Charlie on my Shoulder
“My Gutsy Story®” by Nancy McBride
Roslyn Carter, President Jimmy Carter’s wife, would be visiting the small, two-year college where I was the Director of Public Relations and Alumni. My office was chosen for her to rest in because it had an outer office for her security, and a bathroom. A few days earlier, the Secret Service, and their bomb-sniffing dogs, preparing for her brief visit, searched and sniffed the entire campus to clear the way for her. Satisfied we posed no threat, they settled in my office to hang out with Charlie and me.
I suppose it would help you to know, sooner, rather than later, that Charlie is a plant stand. He was made for me by my kids’ babysitter and seriously resembles the bottom half of a gentleman, made with Charlie’s old jeans and his old hiking boots. I always kid that I saved the “best parts”.
Appropriately fleshed out with poly-fill, stabilized with a skeleton of a wooden frame, and a set-in painted plywood top, he stands life-size, well half-life size, waist height, and at a very slight slant, not too dramatic a slant, though, because he sprouted a healthy philodendron plant in a pot, on top. He was a plant stand, after all. Charlie—well what I had left of Charlie—had been a beloved beau, but that’s another story.
While the Secret Service men were on their lunch break, I was working at my desk, and for the first time ever, the president of the college, a nun, in full floating garb and starched white wimple, came flying in my room unannounced, all a flutter screaming at me like a crazy woman! “What are your children’s paintings doing on your wall? And THAT, that, that MAN thing! Get it out of here! The President’s WIFE is coming! Get rid of all of that junk, now! What were you thinking?”
Dumbstruck, I couldn’t think for the shock of her vile reprimand! The bile was sourly working its way up from my gut and I wanted desperately to blast her, but I reined it in, and kept my mouth shut. I needed a job. Period. Charlie and the kids’ artwork were banished to the closet, my perky personality pierced by the humiliating slap.
That afternoon, the Secret Service came back, and stopped in their tracks. “Where is Charlie? Where are Amy and Iona’s paintings?” (They even knew about my family by now.)
“What can I say?” I said. “I need a job.”
“That happens everywhere we go, ” they said. “People paint, repair, scrub and spend money they don’t have to impress her, and she doesn’t care about or notice those efforts. She’s totally down to earth. In fact we told her all about Charlie, and she can’t wait to meet him! She loves stuff like that!” I shrugged, miserable. I’d made my choice.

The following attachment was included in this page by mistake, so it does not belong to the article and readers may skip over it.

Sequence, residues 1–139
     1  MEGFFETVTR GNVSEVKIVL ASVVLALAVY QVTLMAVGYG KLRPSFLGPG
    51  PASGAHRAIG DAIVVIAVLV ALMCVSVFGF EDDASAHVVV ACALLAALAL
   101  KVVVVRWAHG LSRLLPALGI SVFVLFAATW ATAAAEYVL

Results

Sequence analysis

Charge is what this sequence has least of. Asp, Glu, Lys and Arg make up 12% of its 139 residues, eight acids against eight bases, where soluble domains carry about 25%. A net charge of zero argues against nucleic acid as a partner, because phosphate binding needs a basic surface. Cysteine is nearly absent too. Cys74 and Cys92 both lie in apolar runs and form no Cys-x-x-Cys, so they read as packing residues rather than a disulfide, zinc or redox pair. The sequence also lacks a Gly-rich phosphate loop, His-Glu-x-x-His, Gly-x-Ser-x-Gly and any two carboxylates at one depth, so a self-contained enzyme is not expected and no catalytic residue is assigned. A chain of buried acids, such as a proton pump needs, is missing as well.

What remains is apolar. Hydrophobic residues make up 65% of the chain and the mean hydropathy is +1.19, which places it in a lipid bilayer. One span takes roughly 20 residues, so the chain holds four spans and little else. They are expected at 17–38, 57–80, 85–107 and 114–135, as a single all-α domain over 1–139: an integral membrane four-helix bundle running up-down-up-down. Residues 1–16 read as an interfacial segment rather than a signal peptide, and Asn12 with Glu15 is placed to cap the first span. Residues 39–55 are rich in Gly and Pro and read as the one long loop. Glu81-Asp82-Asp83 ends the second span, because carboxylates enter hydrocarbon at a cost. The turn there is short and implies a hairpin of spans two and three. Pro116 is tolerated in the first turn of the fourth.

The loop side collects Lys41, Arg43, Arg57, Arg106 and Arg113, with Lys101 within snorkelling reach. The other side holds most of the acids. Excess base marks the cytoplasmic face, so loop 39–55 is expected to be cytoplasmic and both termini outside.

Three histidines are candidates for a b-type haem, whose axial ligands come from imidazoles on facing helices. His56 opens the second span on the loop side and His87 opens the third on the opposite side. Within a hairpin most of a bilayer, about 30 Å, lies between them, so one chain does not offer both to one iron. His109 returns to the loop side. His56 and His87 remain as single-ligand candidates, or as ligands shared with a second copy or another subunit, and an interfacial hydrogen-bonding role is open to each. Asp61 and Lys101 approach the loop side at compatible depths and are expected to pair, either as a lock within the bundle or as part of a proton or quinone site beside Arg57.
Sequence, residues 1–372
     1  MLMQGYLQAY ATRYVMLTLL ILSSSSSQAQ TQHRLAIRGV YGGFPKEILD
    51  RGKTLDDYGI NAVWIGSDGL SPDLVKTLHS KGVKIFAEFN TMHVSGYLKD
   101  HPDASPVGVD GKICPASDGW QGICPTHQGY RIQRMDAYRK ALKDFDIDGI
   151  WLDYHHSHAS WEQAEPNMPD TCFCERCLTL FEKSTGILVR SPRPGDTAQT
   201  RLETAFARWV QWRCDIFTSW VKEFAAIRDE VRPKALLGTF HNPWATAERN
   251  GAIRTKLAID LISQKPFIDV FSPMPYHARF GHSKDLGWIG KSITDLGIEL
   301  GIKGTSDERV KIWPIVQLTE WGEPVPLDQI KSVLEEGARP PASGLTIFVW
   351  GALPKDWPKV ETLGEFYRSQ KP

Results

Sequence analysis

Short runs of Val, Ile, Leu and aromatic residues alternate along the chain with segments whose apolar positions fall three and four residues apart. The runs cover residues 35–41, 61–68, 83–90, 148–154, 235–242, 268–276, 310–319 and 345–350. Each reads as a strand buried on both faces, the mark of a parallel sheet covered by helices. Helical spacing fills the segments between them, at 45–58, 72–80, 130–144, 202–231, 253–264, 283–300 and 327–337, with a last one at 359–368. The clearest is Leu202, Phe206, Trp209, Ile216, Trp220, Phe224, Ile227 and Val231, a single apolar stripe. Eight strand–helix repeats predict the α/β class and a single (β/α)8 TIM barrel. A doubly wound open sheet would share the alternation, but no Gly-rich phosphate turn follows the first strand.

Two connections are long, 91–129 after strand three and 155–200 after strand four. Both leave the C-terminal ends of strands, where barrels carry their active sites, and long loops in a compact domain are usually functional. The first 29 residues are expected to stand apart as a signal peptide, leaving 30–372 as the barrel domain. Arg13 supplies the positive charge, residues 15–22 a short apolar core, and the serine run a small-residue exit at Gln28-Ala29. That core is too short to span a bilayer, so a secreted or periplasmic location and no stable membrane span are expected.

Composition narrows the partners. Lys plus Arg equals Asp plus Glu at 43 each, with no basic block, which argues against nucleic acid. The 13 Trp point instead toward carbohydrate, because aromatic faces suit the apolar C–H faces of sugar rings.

When Mrs. Carter arrived the next day with her entourage, of course I was banned from my office, and I stood about three rows back in the hall filled with the colleges’ mucky-mucks as she was shuttled from her car to my inner sanctum. Then, the door opens a crack, and a Secret Service agent caught my eye and motioned for me, not the college’s president, to come in! Now, I’m doomed, here, and I know it! I was ushered in, and Mrs. Carter stood up, to not just shake my hand, but to give me a hug, and a heartfelt apology. “This happens all the time, and I am so sorry! May I please see Charlie?”
Grinning, I showed her Charlie in the closet, and she adored him! Then she asked to see Amy and Iona’s artwork! How endearing was that?
I returned to my place in the hall, eyes avoiding contact with anyone, lips zipped. Then our college president was asked to come in and meet her before she escorted her to the stage. I had to take care of the press, so missed her speech.
A few months later, I’d accepted another job, thanks to an award-winning ad series design (toot-toot), and as I was packing to leave my job, I received a call from the president’s office requesting an “exit interview”. Cringing, I quickly finished packing my last box, and put it and Charlie’s plant in the car. He would be last, but not least. Then I impulsively perched Charlie’s crotch on my shoulder, and walking at a slight slant, myself, to balance him, went straight past her secretary into the president’s office, and announced, “This is my exit interview. Charlie and I have nothing to say to you.” Then I turned around, left the campus, and never looked back. No one has ever messed with me again about my choices of décor.
(I might have given her a gesture, but I’d never mastered that. I tried it once in a ridiculous traffic jam, exacerbated by a pedestrian who caused the breaking up gridlock to re-grid. I went to flip her “the bird” only to give her a well-timed thumbs-up!)
NANCY McBRIDE: Why write?
I am an innate storyteller. I love the joy of crafting my interpretation of a concept, be it through art or writing. I’ve been called a “whimsical realist”. Once expressed, I am relieved of some niggling, often non-defined, concept that has finally escaped through my fingers into some observable medium! Mine are simple stories, often skewed by my amusing take on life—stories colored with a twist of lime, line, texture and color, or words—all with teased-out detail—all means of storytelling, as is stopping before an idea is overdone, such as now, with this “writer’s statement”.
SONIA MARSH SAYS: You are one “Gutsy” and funny lady. I love your exit interview strategy. Also your artwork is so unique and whimsical.
“This is my exit interview. Charlie and I have nothing to say to you.”